Writing

Defending Fruitcake

Every December fruitcake, the most misunderstood holiday treat, is forced back into the holiday spotlight again for more abuse. Hate on its unimaginative loaf shape. Mock its colorful but unrecognizable “food-like” ingredients. Ostracize it with a journey straight from the front door to the trashcan. But do this at your own risk of self-deprivation… and mob mentality.

This villainous fruitcake is actually an innocent victim and deserves your reconsideration.

For me, the only fruitcake I have ever liked is my mom’s fruitcake, but I love her fruitcake. Growing up, every year we would have fruitcake for Christmas. My parents used to host a Christmas party at our house on December 23 where my dad’s co-workers and my mom’s co-worker and their friends with kids would spend three to four hours filling our house with loud chatter. My mom spent days baking amazing sweets for this party: chocolate tarts, rum cake, cheesecake cookies, pecan tarts, fudge, and fruitcake. And not the infamous dry brick loaded with “nasty things.” Her fruitcake was always moist, fruity, and delicious. But more importantly, even though all the sweets were prepared every year for the party, fruitcake means Christmas parties, laughter, fun, vanilla, cinnamon, and chocolate aromas, and chatter filling our home.

With fond memories of my mom’s fruitcake, I deconstruct the lambasted dessert: flour, sugar, butter, eggs – all normal cake stuff; dried or candied fruit – not so normal in cakes; nuts and alcohol – yes, please. While not enough brandy leaves a cake dry and too much means a wasted loaf, the culprit for the demise of all fruitcakes is possibly the nuts, but probably the manufactured fruit. A further deconstruction of the manufactured “candied” fruit finds that it is dried fruit chopped, boiled and coated in a sugar syrup. If you buy the fruitcake filling in the store, then you also get as a bonus high fructose corn syrup and other preservatives.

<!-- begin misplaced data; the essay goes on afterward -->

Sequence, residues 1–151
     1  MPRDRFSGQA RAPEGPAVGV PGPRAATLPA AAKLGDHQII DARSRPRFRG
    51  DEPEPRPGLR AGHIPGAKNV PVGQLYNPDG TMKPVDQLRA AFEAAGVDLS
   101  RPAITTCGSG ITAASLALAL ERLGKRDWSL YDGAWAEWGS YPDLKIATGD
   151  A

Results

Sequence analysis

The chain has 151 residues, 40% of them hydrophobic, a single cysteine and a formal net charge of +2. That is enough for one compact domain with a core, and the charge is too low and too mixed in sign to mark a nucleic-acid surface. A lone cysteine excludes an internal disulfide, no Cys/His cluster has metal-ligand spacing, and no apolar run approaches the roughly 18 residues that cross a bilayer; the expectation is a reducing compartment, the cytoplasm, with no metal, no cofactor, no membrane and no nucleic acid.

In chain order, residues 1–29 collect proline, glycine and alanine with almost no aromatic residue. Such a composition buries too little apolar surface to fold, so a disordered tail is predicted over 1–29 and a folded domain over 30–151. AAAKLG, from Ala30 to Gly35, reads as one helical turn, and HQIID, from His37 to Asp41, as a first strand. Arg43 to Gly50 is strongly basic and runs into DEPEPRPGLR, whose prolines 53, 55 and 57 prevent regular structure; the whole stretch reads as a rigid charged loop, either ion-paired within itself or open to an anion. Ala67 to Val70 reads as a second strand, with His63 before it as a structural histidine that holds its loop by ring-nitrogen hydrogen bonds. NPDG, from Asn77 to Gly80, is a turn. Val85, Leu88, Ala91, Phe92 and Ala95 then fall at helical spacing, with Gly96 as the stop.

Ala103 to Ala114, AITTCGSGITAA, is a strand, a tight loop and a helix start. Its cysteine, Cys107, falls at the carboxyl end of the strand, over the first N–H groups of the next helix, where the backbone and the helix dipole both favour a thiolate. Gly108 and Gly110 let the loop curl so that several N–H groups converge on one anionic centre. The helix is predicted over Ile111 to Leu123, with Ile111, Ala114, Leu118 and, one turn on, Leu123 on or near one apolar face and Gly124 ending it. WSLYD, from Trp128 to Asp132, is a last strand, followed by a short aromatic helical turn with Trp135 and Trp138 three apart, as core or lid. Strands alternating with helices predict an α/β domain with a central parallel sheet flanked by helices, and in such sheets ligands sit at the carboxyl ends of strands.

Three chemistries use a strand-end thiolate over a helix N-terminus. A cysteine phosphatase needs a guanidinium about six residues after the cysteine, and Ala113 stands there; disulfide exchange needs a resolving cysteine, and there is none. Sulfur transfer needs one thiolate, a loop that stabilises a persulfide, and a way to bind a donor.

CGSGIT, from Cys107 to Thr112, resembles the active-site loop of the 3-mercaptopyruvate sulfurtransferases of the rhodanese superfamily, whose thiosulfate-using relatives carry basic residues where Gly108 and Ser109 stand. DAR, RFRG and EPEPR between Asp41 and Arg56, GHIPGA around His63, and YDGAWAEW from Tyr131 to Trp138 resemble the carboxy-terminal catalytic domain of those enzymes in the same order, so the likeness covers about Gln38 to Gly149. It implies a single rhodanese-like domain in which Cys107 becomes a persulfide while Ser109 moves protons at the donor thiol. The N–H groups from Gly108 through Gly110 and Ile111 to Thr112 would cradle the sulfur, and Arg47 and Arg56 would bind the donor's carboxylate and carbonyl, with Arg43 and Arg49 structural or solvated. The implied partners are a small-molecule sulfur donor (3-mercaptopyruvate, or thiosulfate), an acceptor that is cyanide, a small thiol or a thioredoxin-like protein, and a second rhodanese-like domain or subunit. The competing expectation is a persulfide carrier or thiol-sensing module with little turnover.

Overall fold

This leads to the heart of fruitcake. Does the fruit in fruitcake need to be candied with high fructose corn syrup? Or can the treasured traditions of fruitcake lore be saved by swapping out candied cherries, orange peel and citron with dried cherries, apricots, and mango? Apple? Blueberries? Turns out, it can. The recipe my mom used for decades calls for raisins, currants, dates, figs, almonds, walnuts and pecans. It also calls for candied fruits – which I used this year – but now I want to do another patch with no candied fruit. This recipe also calls for the cooled loafs to be wrapped in “well-dampened” with Brandy cheesecloth – not doused or drowned or three sheets to the wind.

My mom’s fruitcake, from Redbook’s 1973 November issue, was always a special treat during the holidays growing up. Since we moved from my hometown over 25 years ago, she has made her fruitcake once. All of a sudden my kids are sixteen and have never had (a good) fruitcake. I now have week old fruitcake aging in the cupboard and am crossing my fingers and hoping it is everything I remember.

By Heather Still

5 thoughts on “Defending Fruitcake”

  1. Fun post! Brings back memories. I can’t stand fruitcake, but my mom always made it at Christmas and my dad and sister loved it. It was dark and moist and regularly annointed with rum… I think it was rum… Anyway, she hasn’t made it in many years, and I kind of miss its presence even though I never ate it!

    Liked by 1 person

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